lt should make no substantial difference that it was not originally "created" as a government-owned or controlled corporation. What is decisive is that it has since been acquired by the Government to perform functions related to government programs and policies on oil.

Opinion No. 62, Series of 1976 of the then Secretary of Justice must be deemed superseded by the doctrine laid down by this Court en banc, in the case of National Housing vs. Juco, 2 in pari materia to the case at bar, which held that

for purposes of coverage in the Civil Service, employees of government-owned or controlled corporation whether created by special law or formed as subsidiaries are covered by the Civil Service Law, not the Labor Code, and the fact that private corporations owned or controlled by the government may be created by special charter does not mean that such corporation not created by special law are not covered by the Civil Service.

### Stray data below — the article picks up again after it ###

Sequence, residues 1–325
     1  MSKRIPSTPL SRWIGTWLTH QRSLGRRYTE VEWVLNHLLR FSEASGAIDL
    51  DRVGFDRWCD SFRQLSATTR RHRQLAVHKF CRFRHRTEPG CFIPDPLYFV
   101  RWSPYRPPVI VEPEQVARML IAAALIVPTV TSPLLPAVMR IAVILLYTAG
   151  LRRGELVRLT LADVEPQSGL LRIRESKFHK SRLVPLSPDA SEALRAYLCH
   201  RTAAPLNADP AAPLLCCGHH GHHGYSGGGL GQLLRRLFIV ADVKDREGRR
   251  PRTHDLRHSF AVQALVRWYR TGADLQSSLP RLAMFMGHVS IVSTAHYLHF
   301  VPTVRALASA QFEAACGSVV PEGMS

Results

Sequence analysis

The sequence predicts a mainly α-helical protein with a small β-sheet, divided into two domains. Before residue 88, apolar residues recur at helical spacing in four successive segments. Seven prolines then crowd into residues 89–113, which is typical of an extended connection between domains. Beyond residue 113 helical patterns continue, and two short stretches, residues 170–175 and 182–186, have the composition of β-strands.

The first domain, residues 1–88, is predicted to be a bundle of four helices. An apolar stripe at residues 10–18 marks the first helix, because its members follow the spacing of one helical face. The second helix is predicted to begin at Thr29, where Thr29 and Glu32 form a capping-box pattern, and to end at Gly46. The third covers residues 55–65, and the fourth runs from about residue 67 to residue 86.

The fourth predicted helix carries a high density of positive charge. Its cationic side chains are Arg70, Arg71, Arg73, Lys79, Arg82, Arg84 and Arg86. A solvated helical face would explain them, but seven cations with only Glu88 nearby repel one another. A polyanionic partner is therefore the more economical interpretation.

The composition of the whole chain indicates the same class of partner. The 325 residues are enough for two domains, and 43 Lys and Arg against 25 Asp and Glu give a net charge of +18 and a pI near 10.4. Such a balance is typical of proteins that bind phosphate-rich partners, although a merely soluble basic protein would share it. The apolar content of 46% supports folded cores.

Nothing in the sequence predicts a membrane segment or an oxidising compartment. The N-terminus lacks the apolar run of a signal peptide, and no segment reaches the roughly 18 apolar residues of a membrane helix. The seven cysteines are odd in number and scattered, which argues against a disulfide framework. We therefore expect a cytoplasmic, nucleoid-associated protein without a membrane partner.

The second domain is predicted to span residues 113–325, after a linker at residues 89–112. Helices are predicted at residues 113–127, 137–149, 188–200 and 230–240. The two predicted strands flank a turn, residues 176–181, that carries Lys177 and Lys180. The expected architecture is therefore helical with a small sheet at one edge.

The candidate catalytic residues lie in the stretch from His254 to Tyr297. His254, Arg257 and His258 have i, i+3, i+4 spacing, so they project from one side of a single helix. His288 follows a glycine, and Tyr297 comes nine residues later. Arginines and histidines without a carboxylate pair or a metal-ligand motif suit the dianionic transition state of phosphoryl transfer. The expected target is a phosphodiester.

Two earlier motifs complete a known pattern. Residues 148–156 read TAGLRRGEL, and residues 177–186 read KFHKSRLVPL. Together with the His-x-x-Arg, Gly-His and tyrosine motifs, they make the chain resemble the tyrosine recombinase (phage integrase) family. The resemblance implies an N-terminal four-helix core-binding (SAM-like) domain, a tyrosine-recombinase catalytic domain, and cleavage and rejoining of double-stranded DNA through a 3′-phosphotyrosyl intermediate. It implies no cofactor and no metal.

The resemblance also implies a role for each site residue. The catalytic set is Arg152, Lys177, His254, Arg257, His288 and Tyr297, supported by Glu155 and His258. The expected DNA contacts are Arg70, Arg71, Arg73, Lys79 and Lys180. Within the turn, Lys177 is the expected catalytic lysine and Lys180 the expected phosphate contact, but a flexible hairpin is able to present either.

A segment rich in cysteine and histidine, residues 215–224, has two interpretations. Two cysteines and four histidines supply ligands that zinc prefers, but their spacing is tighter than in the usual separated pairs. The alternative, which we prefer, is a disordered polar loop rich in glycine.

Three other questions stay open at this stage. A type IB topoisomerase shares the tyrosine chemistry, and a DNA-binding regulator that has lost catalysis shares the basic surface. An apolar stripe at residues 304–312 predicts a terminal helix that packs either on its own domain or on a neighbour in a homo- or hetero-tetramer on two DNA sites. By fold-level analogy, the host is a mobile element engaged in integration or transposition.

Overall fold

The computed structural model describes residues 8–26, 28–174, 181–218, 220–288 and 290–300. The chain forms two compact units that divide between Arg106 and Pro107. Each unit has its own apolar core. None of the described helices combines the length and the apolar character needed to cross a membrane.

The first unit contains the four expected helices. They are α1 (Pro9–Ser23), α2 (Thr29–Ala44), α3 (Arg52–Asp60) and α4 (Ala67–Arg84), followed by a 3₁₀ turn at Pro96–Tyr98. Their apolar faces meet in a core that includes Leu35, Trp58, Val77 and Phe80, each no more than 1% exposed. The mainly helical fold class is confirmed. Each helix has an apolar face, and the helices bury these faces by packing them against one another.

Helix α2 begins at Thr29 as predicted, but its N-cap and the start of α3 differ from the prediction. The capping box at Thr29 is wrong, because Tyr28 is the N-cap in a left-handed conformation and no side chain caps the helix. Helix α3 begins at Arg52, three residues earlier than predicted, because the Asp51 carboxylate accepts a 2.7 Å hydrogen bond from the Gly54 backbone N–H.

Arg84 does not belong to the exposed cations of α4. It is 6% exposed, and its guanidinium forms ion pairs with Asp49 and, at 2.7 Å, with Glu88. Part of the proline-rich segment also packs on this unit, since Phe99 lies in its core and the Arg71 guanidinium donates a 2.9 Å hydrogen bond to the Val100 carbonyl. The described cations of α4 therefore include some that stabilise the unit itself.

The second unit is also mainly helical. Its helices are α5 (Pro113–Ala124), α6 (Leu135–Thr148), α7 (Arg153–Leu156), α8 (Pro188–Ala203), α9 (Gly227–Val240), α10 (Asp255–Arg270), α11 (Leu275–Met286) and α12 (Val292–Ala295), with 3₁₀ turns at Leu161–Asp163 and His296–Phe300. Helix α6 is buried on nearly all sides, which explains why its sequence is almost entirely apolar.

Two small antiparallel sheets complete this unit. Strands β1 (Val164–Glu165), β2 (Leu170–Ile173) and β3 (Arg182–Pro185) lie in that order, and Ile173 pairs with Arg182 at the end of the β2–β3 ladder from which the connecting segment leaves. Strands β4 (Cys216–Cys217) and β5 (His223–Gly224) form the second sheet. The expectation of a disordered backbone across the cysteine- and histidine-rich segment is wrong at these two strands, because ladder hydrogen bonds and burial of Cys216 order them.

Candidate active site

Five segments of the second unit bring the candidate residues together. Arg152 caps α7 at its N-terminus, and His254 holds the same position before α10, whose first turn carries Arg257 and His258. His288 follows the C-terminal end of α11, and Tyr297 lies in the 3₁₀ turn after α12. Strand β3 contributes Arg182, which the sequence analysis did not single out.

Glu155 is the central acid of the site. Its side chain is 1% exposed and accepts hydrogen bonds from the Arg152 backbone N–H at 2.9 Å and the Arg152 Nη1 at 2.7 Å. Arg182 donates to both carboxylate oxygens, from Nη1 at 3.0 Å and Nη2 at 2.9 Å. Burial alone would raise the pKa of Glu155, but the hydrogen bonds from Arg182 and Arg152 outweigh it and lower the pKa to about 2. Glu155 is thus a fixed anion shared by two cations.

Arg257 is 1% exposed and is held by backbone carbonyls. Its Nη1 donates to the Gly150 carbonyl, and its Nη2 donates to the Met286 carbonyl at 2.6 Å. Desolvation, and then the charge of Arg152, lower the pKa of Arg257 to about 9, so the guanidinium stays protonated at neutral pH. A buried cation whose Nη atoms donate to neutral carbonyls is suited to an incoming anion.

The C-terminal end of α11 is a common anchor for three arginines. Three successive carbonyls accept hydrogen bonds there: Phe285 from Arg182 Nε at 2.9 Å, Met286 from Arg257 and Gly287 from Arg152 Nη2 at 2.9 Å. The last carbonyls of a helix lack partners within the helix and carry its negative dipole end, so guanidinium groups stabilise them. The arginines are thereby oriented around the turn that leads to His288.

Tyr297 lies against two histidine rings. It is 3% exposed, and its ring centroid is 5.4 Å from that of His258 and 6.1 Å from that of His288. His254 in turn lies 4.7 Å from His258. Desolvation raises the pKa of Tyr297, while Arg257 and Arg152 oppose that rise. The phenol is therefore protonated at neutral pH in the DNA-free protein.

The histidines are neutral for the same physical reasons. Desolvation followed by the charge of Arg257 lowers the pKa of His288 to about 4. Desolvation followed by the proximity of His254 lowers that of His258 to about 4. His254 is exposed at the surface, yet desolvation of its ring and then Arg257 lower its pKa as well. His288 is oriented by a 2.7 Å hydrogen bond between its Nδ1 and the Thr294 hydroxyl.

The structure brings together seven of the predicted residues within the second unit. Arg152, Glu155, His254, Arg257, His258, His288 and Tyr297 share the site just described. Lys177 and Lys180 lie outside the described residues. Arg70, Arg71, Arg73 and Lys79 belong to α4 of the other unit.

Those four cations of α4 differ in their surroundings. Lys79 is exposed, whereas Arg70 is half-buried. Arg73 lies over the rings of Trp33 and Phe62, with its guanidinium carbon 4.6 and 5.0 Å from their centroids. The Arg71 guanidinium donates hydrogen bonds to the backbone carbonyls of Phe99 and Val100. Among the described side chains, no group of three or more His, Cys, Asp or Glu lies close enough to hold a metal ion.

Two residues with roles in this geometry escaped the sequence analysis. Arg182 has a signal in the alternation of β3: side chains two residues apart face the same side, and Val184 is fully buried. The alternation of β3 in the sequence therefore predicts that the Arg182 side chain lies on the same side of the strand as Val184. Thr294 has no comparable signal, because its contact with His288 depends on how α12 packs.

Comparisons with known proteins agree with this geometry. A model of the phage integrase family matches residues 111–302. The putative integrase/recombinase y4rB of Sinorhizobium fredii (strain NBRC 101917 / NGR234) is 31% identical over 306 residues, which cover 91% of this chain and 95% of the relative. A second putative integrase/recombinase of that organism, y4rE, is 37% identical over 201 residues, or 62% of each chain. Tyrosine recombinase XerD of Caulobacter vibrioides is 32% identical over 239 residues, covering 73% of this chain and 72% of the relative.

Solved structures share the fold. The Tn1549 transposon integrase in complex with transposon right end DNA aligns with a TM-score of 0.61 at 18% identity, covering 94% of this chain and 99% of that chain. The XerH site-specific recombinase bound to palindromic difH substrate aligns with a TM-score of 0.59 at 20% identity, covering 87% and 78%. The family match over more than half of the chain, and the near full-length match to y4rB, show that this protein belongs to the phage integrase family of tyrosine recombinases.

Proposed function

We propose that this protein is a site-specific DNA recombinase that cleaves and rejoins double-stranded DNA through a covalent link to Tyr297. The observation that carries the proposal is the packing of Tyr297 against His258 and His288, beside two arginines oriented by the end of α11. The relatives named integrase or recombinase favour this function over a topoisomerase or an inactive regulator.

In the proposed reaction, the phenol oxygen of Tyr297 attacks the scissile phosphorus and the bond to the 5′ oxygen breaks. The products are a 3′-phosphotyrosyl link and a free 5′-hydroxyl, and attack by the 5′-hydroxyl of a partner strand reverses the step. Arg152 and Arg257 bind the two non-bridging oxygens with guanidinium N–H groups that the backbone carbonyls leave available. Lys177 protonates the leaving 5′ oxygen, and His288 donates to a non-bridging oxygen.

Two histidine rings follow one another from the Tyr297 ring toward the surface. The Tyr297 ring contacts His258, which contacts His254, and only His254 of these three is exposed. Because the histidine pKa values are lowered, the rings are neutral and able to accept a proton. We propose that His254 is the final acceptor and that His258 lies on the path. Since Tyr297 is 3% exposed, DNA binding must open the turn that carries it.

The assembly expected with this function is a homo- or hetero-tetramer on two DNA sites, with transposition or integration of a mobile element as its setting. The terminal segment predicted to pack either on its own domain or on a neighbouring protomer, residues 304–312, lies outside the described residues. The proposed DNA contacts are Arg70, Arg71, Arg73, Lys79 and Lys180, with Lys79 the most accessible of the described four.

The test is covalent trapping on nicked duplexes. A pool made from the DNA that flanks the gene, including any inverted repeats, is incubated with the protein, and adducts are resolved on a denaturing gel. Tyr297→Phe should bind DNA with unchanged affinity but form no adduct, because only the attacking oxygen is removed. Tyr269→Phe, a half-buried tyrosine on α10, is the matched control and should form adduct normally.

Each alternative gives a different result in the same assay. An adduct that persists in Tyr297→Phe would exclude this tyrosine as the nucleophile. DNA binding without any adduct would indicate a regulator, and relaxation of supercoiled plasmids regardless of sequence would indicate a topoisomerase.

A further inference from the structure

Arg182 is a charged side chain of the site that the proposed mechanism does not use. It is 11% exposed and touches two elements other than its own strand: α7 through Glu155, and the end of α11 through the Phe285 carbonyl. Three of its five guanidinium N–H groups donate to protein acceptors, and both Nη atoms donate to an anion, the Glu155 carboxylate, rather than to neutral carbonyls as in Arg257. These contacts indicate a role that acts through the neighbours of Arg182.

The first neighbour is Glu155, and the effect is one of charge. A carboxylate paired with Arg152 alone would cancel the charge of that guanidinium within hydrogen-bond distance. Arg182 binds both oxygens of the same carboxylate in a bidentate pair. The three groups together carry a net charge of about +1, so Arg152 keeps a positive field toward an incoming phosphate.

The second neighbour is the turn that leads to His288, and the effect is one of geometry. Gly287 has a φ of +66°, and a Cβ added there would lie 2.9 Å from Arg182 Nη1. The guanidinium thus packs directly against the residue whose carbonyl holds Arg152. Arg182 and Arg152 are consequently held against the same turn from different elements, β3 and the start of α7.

The meaning thus given to "government-owned or controlled corporations" for purposes of the civil service provision should likewise apply for purposes of the Tanodbayan and Sandiganbayan provisions, otherwise, incongruity would result, and a government-owned corporation could create as many subsidiary corporations under the Corporation Code as it wishes, which would then be free from strict accountability and could escape the liabilities and responsibilities provided for by law. This device was liberally made use of during the past regime to the detriment of budgetary restraints and of fiscal accountability by "private" corporations thus created. As well explained in the National Housing case: